Orlová

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Orlová
Orłowa
Town
Downtown Orlová-Lutyně
Downtown Orlová-Lutyně
Flag of Orlová  Orłowa
Flag
Coat of arms of Orlová  Orłowa
Coat of arms
Orlová is located in Czech Republic
Orlová
Location in the Czech Republic
Coordinates: 49°50′50″N 18°25′6″E / 49.84722°N 18.41833°E / 49.84722; 18.41833
Country Czech Republic
Region Moravian-Silesian
District Karviná
First mentioned 1223
Town rights 1922
Town parts
Government
 • Mayor Jiří Michalík (ČSSD)
Area
 • Total 24.67 km2 (9.53 sq mi)
Elevation 215 m (705 ft)
Population (2012)
 • Total 30,988
 • Density 1,300/km2 (3,300/sq mi)
Postal code 735 11 to 735 14
Website http://www.mesto-orlova.cz/

Orlová (Czech pronunciation: [ˈorlovaː] ( ); Polish: Orłowa ; German: Orlau) is a town in the Karviná District, Moravian-Silesian Region, Czech Republic. It lies in the historical region of Cieszyn Silesia.

History[edit]

According to legend, Mieszko, a Silesian duke from the lower branch of the Piast dynasty, went hunting with his pregnant wife, Ludmiła. As they rested upon a hill, an eagle suddenly took flight, frightening the couple. The eagle dropped his prey, which fell to earth near them. Ludmiła prematurely gave birth to her child, Kazimierz. The couple, seeing a sign from God in this incident, founded a chapel on that spot and later named the subsequent settlement after the eagle (Polish: orzeł, Czech: orel). Thus, it is not clear when the settlement was really founded; however, it was first mentioned in a document of Pope Gregory IX issued on 7 December 1227 for Benedictine abbey in Tyniec as Orlova.[1] Around 1268 a separate but dependent from Tyniec Benedictine monastery was founded.[2]

Main article: Orlová monastery

Politically it belonged then to the Duchy of Opole and Racibórz and the Castellany of Cieszyn, which was in 1290 formed in the process of feudal fragmentation of Poland into the Duchy of Teschen, ruled by a local branch of Silesian Piast dynasty. In 1327 the duchy became a fee of the Kingdom of Bohemia, which after 1526 became a part of the Habsburg Monarchy.

During the Middle Ages it was a settlement of agricultural character. Major change came in the 19th century with the coal mining boom. The population grew rapidly together with urban development.

At the beginning of the 20th century Orlová became an important center of Polish and Czech education and home to many cultural and sport organizations of both communities. There were also a Jewish and a German community in the town.

After World War I, fall of Austria-Hungary, Polish–Czechoslovak War and the division of Cieszyn Silesia in 1920, Orlová became a part of Czechoslovakia. Orlová gained town rights in 1922. During the workers' strike in 1925 four workers were killed by the police. Following the Munich Agreement, in October 1938 together with the Zaolzie region it was annexed by Poland, administratively organised in Frysztat County of Silesian Voivodeship.[3] The village was then annexed by Nazi Germany at the beginning of World War II. After the war it was restored to Czechoslovakia. In 1946 the villages of Lazy (Łazy), Poruba (Poręba) and Horní Lutyně were administratively joined to the town. Widespread coal mining, especially during the communist era, had a devastating impact on the town, its buildings and architecture, especially in Lazy. Many buildings in Orlová were demolished, including the Polish grammar school built in 1909. The architectural character of the town was completely changed.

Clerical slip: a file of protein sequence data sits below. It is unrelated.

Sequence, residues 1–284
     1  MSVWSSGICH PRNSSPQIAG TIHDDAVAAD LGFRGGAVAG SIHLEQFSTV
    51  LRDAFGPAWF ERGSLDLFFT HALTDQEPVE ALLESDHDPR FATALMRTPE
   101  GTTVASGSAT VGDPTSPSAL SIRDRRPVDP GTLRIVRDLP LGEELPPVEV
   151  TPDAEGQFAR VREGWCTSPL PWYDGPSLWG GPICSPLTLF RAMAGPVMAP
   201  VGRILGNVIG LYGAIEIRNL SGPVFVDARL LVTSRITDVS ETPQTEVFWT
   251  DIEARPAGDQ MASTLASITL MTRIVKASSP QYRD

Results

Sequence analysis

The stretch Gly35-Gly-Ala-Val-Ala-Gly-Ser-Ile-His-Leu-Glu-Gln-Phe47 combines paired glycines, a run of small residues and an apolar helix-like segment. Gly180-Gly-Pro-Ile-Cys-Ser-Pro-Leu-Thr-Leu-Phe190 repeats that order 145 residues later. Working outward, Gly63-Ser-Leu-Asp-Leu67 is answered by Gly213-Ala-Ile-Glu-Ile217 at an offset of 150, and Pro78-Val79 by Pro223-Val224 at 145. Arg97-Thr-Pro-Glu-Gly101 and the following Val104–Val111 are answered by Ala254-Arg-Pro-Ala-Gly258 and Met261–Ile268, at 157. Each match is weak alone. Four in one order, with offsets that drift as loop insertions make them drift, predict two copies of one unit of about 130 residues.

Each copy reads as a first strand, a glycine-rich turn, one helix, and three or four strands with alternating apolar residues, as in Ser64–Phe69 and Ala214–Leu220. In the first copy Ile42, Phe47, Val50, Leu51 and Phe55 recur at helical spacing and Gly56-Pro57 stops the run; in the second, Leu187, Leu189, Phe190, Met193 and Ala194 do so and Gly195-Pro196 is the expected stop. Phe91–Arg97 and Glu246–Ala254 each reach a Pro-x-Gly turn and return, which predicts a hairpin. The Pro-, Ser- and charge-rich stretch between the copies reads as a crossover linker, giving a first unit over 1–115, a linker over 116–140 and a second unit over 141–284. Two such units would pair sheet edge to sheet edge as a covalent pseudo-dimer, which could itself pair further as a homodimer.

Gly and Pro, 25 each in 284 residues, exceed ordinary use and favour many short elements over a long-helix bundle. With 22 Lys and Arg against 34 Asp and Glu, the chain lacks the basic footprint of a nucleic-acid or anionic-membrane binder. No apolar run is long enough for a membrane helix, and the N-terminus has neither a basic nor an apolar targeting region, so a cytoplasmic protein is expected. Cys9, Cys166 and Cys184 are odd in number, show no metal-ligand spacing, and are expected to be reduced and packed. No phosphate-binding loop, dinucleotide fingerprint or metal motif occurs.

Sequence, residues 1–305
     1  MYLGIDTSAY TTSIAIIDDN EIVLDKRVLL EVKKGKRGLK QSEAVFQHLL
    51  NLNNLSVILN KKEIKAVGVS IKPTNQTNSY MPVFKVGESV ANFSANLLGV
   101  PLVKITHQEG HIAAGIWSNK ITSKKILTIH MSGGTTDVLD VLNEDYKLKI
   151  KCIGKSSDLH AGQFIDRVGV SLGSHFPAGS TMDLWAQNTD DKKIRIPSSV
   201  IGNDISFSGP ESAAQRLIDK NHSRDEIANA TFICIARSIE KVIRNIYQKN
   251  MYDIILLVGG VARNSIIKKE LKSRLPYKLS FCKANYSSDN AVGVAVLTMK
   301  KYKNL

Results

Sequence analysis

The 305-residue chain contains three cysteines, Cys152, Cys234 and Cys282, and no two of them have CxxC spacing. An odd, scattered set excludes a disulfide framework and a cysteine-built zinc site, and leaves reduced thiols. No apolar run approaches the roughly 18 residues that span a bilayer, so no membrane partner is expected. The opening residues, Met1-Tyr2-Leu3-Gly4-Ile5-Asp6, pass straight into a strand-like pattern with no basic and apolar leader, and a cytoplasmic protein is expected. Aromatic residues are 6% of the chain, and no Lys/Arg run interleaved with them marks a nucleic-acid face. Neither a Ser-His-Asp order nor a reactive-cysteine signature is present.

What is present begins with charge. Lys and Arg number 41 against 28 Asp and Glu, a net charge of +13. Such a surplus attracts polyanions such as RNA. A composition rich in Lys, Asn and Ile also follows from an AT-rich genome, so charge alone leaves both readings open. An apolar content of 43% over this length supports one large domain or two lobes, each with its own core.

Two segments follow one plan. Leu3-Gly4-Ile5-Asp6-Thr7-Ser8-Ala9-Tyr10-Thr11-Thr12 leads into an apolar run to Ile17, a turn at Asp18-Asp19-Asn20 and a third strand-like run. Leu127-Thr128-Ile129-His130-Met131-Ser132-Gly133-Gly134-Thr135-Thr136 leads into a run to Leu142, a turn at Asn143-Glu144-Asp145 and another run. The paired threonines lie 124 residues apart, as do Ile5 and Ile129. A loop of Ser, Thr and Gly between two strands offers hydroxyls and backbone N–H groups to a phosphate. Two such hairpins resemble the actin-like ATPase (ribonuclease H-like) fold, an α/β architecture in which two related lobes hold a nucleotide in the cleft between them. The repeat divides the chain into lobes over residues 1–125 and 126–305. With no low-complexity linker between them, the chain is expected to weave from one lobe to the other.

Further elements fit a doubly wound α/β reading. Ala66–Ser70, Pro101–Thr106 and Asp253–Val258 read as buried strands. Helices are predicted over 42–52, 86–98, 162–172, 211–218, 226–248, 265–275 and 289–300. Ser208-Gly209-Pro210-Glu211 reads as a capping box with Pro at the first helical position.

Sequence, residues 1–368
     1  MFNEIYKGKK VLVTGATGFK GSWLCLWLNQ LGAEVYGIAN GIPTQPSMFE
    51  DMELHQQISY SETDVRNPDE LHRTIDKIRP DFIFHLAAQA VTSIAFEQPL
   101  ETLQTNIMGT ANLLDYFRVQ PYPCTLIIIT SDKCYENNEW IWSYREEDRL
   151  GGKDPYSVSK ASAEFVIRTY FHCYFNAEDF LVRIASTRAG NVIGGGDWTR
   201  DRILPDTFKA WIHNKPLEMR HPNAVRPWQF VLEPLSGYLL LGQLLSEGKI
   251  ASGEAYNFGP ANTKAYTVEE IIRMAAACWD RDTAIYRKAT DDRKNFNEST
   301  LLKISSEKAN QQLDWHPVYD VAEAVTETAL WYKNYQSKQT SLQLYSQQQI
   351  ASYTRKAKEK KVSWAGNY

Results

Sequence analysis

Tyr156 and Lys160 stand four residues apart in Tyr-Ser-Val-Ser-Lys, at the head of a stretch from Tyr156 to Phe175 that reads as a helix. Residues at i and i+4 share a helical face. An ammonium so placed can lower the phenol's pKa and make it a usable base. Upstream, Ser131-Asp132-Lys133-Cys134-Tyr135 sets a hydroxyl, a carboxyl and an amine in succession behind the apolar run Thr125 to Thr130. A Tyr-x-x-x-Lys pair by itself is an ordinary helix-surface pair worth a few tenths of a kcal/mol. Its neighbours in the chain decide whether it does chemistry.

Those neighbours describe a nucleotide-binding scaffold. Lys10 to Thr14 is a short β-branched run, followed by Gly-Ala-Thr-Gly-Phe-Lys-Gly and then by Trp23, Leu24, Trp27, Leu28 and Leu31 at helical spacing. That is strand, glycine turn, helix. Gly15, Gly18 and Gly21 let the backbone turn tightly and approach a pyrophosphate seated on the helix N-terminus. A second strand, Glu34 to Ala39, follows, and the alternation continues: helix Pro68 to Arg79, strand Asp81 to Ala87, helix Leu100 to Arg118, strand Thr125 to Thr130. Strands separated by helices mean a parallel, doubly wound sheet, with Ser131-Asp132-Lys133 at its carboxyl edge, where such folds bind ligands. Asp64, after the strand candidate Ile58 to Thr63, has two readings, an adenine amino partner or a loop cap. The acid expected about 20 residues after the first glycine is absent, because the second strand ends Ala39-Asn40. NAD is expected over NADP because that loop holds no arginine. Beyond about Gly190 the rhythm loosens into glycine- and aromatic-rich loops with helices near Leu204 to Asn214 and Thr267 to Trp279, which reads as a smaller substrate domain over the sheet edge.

The most important landmark in Orlová is the Neo-Gothic church, which replaced an older wooden one. It was almost completely rebuilt in 1903–1906, when it became the dominant edifice of the town. An important feature of the church is the stair leading up to it. The church was damaged by extensive coal mining in the town and the surroundings, and renovation work began in the 1990s and still continues. Another notable landmark is the town hall from 1928. There is also a Lutheran church in the town, consecrated in 1862.

There are several primary schools in Orlová, mostly Czech, one Polish. Several high schools are located there. Most notable is a Czech gymnasium which was rebuilt in modern architectural style and opened in 1996.

Like in others towns around Ostrava also in Orlová you can see smog in winter

Sport[edit]

Cycling[edit]

Orlová organises annually an women's cycle stage race called Gracia-Orlová and hosted the final stage of the 2012 and 2013 Gracia-Orlová.

Notable residents and natives[edit]

Sister towns[edit]

Footsteps[edit]

  1. ^ Panic, Idzi (2010). Śląsk Cieszyński w średniowieczu (do 1528) [Cieszyn Silesia in Middle Ages (until 1528)] (in Polish). Cieszyn: Starostwo Powiatowe w Cieszynie. p. 286. ISBN 978-83-926929-3-5. 
  2. ^ I. Panic, 2010, p. 428
  3. ^ "Ustawa z dnia 27 października 1938 r. o podziale administracyjnym i tymczasowej organizacji administracji na obszarze Ziem Odzyskanych Śląska Cieszyńskiego". Dziennik Ustaw Śląskich (in Polish) (Katowice). nr 18/1938, poz. 35. 31 October 1938. Retrieved 1 July 2014. 

References[edit]

  • Radłowska-Obrusnik, Martyna (2007-12-22). "Kamienny szept historii". Głos Ludu. p. 10. 

External links[edit]

Coordinates: 49°50′50″N 18°25′6″E / 49.84722°N 18.41833°E / 49.84722; 18.41833